abaxial, Trust me, other's are happy you're stepping out and asking for us. These threads have been great for understanding the nuances in each brand and variances within the same brand.
I don't think I can accurately comment on spectra, I'm partially color blind with a red/green deficiency, but I can see the difference between natural and artificial coloring and I feel that's all that matters. How could a darker or lighter shade like BC bother me? On the other hand I can understand why a commercial distiller would want to produce a persistent peridot as it might sell better off the shelf.
However much importance you put on color is up to you but aroma and taste are the most subjective and in addition are at the mercy of the drink preparer. The amount, speed and temperature of water you use to dilute can greatly effect aroma, taste and mouth feel, etc. I' m happy when reviewers include their dilution ratios. I think it's paramount for any newbie to experiment with ratios and create a consistent method of preparation. I also notice that I get better tastings and aromatic results when I use water that's slightly less than ice cold.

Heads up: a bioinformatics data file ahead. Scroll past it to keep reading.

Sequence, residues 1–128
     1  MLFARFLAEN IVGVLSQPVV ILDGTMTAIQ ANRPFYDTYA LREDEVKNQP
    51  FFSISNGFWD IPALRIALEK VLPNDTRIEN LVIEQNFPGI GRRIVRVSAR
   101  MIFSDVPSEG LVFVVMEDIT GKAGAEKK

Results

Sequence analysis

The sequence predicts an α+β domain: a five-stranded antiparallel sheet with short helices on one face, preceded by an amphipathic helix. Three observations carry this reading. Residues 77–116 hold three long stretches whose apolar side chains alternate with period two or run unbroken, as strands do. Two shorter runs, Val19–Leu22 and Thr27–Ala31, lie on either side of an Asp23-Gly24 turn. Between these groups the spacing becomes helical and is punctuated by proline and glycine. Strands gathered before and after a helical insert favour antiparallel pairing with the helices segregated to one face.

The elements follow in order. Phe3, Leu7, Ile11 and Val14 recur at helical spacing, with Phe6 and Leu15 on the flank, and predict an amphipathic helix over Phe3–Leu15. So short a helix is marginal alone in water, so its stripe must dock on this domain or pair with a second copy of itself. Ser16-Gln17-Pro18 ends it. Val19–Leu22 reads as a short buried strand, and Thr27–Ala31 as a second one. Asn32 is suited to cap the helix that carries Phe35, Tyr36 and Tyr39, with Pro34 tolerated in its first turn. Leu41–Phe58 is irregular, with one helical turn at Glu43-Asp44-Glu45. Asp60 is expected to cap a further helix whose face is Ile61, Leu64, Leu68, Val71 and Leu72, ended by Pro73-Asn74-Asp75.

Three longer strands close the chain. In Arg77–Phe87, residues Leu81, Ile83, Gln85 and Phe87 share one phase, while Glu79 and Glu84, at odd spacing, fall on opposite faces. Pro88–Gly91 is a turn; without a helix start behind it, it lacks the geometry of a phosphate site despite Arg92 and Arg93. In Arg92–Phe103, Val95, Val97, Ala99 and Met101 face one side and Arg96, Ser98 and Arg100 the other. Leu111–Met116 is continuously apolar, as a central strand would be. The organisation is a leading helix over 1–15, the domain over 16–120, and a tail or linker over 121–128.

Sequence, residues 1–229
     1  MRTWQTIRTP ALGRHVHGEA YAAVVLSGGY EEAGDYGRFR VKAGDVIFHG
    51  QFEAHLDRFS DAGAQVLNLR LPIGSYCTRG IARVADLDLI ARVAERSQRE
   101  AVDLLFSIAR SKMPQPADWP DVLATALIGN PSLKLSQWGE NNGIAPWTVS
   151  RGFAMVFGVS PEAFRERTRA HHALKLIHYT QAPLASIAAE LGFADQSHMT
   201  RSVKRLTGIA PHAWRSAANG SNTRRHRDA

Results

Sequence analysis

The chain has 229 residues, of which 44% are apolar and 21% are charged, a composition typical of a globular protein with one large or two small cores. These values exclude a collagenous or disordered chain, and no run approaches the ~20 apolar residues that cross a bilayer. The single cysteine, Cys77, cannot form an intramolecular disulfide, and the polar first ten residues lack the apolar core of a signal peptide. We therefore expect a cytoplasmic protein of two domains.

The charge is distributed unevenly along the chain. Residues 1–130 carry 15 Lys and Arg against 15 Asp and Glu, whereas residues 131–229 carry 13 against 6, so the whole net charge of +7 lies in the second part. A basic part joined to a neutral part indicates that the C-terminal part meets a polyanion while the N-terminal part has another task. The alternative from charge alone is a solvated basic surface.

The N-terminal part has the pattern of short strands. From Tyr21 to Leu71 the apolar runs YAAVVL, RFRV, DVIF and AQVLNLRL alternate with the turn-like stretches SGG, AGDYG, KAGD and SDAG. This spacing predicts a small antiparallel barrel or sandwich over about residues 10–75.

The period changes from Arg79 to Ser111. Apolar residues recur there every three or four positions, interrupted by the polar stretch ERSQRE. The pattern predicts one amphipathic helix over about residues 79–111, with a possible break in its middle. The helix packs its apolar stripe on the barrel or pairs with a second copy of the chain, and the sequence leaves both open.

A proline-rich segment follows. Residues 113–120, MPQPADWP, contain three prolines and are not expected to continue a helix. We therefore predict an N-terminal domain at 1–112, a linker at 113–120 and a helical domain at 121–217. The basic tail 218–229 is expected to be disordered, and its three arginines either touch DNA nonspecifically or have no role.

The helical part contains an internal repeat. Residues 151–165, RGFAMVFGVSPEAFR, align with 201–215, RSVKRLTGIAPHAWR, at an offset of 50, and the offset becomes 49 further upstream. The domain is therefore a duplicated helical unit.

If I could add a suggestion to the review system in general it would be to distinguish offerings by their recipe. There's a distinct difference between a Pontarlier and a Montpellier, enough of one that expectations should change for louche and taste characteristics. Wines are clearly distinguished in this way, not simply reds and whites. Has this ever been suggested. Hell, maybe one day the commercial market will start to label absinthe in a manner similar to wines. I'd like to know what some of the veterans and distillers feelings are on this.